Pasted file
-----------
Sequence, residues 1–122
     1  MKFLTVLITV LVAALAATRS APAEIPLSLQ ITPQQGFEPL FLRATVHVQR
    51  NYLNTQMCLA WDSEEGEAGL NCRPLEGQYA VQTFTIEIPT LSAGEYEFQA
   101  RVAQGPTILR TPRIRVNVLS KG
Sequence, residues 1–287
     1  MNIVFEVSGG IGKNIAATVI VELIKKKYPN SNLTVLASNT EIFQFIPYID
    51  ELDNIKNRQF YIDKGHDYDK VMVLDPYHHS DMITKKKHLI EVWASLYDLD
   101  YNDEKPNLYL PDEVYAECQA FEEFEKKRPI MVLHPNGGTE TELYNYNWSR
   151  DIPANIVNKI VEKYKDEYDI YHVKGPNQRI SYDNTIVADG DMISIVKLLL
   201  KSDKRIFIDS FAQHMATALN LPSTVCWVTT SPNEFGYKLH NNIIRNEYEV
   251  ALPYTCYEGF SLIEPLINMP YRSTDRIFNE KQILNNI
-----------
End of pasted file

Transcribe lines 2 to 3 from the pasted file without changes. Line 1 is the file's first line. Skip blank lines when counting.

     1  MKFLTVLITV LVAALAATRS APAEIPLSLQ ITPQQGFEPL FLRATVHVQR
    51  NYLNTQMCLA WDSEEGEAGL NCRPLEGQYA VQTFTIEIPT LSAGEYEFQA